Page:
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Purisima Creek Redwoods

Trail Run

Event Reviews

"Hats off to you for a great run!!!  It was my first trail run and I thoroughly enjoyed it.  The run was well organized and the runners I met were very friendly and courteous on the trail.  The aid stations were great and the volunteers were very helpful.  I will be measuring all future events I enter by this run and I have to say, you make it a tough act to follow.  The weather was perfect and the trail was absolutely beautiful.  I will definitely be back next year.

Thank you for all your hard work,  it was a great run!!! "

Thomas Wilcock

Arroyo Grande, CA

"WOW!  What a great event in an unutterably gorgeous place.  The race was well organized; the directors, volunteers and racers were so friendly.  I had a wonderful time in this race and found myself smiling (even laughing) on some of the lovely single-track.  Excellent, excellent job everyone!  It was my first experience in a race over 5k and won't be my last!!!  Thanks many times over."


Darci Spiker

San Luis Obispo, CA

Purisima Creek Redwoods Trail Run 50K (2/8/03) Trail Run Report

A Crystal Clear Day Above Half Moon Bay

By Gary Dudney

Pockets of redwood forest thriving in the cool fog drifting off the Pacific Ocean dot the Northern California coastline like a row of pearls. The Pacific Coast Trail Runs series makes excellent use of these treasures, especially in their first event of the year, the Purisima Creek Redwoods Trail Run 14, 33, and 50 Km, held in Huddart County Park in San Mateo County just above Half Moon Bay and only a long stones throw from San Francisco.

This second running of the event attracted a capacity crowd (68 runners for the 50 Km and over 100 runners for each of the shorter distances) that maxed out the race quota two days beforehand. Quite a feat for an early February race! But the course is an enchanting wonderland of deep redwood forest, rushing streams, coastal chaparral, ocean vistas, and blessed single track trails, an ultrarunner’s dreamland, so maybe the turnout was not so surprising.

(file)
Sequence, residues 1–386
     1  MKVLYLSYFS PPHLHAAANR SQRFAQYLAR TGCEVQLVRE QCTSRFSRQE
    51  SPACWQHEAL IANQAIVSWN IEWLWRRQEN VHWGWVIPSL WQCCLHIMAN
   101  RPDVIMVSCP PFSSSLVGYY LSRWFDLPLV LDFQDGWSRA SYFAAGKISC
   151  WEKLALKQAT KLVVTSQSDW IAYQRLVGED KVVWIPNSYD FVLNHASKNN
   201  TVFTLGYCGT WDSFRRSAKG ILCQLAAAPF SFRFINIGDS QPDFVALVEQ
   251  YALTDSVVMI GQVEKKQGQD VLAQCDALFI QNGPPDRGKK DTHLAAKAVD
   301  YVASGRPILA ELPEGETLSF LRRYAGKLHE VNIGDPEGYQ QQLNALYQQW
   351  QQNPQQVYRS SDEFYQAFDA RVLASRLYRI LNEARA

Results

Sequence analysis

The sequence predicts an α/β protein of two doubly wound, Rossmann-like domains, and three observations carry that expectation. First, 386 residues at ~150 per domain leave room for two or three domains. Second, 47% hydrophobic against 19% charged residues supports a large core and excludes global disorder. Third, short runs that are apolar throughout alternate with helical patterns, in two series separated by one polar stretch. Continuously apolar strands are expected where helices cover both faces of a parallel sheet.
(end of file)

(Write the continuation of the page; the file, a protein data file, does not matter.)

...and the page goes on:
What was surprising was the number of ultrarunning “youngsters” (runners in their twenties and early thirties) in the 50 Km event. And they were claiming many of the top spots, pushing their experienced elders around like a bunch of Clockwork Orange punks. Could it be we are seeing the sport drilling down into the younger demographics?

Actually, I was feeling a bit elderly, having apparently suffered a memory blowout. I was telling my running buddy on the drive up that I remembered the course as being fairly gentle, “no hills.” I later had to amend that to “Nothing but hills.” But in my defense let me add that the trail builders out here seem to have mastered the concept of switchbacks, so the constant elevation change was kept manageable. There were long gentle switchbacks, tight gnarly switchbacks, trail switchbacks, road switchbacks, switchback switchbacks, more curves than a pickup truck full of rattlesnakes.

The course also featured two long stretches through the redwoods in the later miles over a smooth single track trail that angled down ever so slightly and was covered with a softening layer of plant debris. The running here was heaven on earth, the slight downhill making it seem effortless to zoom through the lush forest full tilt boogie. I felt like I was riding a hang glider down and only tapping the ground lightly with my feet to make sure I wasn’t going airborne. Just this was well worth the price of admission.

Super aid stations (cut up sandwiches in a 50 Km!), perfect weather, loops and spurs that brought you into contact with other runners on the course shouting “Good job!”, soup and chili at the finish, and great hosts (Wendell and Sarah Spelt, co-race directors) made for a great experience and for plenty of grateful runners.

Part of the course passes over an old “skid road” called Richard’s Road that once provided the outlet for Richard’s sawmill built in 1853 to drain lumber out of the forest to feed the construction boom going on in San Francisco at the time. An occasional enormous tree trunk deep in the forest to this day recalls the oxen-drawn wagons that would haul the wood down to the ocean to be barged to San Francisco. But one of the old timers, James Huddart, a successful lumber merchant who had passed through an orphanage and a difficult childhood, wishing to help children in the future, had the foresight to preserve 900 acres of the forest as a public park. What a beautiful legacy this forest turned out to be, what a great place for ultrarunning.